Scientifica’s must-read neuroscience stories from January 2019

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Scientifica’s must-read neuroscience stories from January 2019

Scientifica’s selection of must-read neuroscience stories include a way to influence learning success, a new technique for tracing neural connections and a 3D-printed implant that can treat spinal cord injury. We hope you find these interesting!

1. Inside the world of rodent chatter

Scientists at Washington University School of Medicine have developed software called DeepSqueak that can detect rodent vocalisations. 

The researchers discovered that rodents have around 20 calls. When male mice are together, they make the same calls repeatedly, but when they are near a female mouse, they break into song.

Translating rodent talk

2. Robots to perform spinal surgery with pinpoint accuracy

A team of researchers at Nottingham Trent University have developed a system where two robotic arms perform spinal surgery with greater accuracy than humans can.

The two arms semi-autonomously drill holes in individual vertebrae, and are able to move naturally with the patient’s spine while they are drilling. The drilled holes are then used to attach rod deformity reducers that enable surgeons to realign the spine.

Image credit: Nottingham Trent University

Pinpoint precision

3. 3D printed implant promotes nerve cell growth to treat spinal cord injury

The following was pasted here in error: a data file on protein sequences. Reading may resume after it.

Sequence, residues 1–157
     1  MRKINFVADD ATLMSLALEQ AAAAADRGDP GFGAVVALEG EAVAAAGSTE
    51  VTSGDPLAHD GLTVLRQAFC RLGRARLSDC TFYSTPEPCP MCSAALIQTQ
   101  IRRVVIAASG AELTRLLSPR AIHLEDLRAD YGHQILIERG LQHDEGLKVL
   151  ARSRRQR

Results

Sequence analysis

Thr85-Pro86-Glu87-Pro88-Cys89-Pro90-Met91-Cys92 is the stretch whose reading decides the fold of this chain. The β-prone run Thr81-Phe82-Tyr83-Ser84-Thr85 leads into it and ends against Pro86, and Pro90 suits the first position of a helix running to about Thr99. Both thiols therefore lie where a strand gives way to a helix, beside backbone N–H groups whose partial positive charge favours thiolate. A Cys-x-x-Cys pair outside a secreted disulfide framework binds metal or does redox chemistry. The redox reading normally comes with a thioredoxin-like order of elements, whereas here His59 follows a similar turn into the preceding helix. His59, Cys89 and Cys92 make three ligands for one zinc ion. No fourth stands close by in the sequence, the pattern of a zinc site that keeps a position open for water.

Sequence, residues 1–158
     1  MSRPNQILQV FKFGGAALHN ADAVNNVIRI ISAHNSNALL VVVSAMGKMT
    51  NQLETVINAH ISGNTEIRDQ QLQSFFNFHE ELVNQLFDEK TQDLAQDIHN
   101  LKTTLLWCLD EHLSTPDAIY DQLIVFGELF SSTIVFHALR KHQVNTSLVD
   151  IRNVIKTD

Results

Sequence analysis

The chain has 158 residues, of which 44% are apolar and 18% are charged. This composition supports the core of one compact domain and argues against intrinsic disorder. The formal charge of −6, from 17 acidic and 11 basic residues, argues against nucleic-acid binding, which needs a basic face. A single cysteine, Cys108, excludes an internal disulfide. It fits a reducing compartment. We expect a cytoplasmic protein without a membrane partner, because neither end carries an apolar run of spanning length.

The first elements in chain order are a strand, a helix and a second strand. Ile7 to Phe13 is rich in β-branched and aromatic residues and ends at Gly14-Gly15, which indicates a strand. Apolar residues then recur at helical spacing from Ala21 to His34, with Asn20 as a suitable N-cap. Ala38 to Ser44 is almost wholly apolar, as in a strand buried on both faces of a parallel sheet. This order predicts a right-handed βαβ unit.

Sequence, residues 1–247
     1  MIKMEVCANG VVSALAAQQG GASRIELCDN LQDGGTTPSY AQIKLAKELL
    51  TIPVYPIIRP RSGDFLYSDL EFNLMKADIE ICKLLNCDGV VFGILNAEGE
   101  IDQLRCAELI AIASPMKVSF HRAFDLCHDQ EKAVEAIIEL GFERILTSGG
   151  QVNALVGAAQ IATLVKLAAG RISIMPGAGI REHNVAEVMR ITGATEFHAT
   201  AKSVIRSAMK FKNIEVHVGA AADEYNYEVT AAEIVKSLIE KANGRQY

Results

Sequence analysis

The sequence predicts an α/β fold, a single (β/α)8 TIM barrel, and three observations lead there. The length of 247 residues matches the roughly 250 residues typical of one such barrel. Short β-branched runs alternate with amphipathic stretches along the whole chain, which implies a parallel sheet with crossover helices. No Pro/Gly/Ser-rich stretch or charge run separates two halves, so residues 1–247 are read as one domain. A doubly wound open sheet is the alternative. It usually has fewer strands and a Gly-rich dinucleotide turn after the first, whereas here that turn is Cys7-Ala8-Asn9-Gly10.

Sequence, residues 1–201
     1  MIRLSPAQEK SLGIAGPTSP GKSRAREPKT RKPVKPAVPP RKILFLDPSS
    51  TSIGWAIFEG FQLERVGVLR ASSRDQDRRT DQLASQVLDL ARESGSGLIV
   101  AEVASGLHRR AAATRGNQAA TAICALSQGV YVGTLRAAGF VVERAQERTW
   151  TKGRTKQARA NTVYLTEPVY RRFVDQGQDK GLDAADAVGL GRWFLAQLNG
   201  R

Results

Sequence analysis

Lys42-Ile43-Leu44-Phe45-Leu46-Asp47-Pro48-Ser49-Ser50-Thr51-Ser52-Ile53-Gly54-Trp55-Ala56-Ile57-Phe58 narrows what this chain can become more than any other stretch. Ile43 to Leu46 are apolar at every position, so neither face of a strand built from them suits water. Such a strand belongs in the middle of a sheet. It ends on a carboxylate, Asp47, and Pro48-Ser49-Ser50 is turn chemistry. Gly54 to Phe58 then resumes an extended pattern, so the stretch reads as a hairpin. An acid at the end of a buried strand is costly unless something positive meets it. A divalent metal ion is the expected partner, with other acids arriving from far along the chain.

Researchers at the University of California San Diego have 3D printed a spinal cord, loaded it with neural stem cells and successfully implanted it into sites of severe spinal cord injury in rats.

These implants acted as scaffolds which supported tissue and nerve growth at sites of injury. The scaffolds guided regenerating axons, ensuring they were aligned from one end of the spinal cord injury to the other, completing the connection.

Image credit: Jacob Koffler and Wei Zhu, UC San Diego

Spinal cord scaffold

4. Imaging nerve-cell interactions

Researchers at Ludwig-Maximilians-Universität (LMU) München have developed a new imaging technique, named vDISCO, that can make tissues, organs and whole organisms transparent.

This makes individual cells and groups of cells easier to visualise. The whole nervous system of small mammals can be seen, and researchers can trace cellular interactions. 

Image credit: erturklab

Image interactions

5. How game theory can bring humans and robots closer together

Game theory has been used for the first time, in combination with adaptive control, to enable robots to assist humans.

The team of scientists at the University of Sussex, Imperial College London and Nanyang Technological University, adapted game theory to programme a robot to better anticipate its human users movements and respond to them. The researchers believe that this method could enable robots to support humans in a variety of situations, including sports training, physical rehabilitation and shared driving. 

Image credit: University of Sussex

Working with robots

6. Neurofeedback helps to guide learning success

Neuronal alpha oscillations are used to filter information by shutting down the flow of information in certain areas of the brain. A team of scientists at Ruhr-Universität Bochum have found that these oscillations can be specifically influenced, enabling subjects to influence their learning success.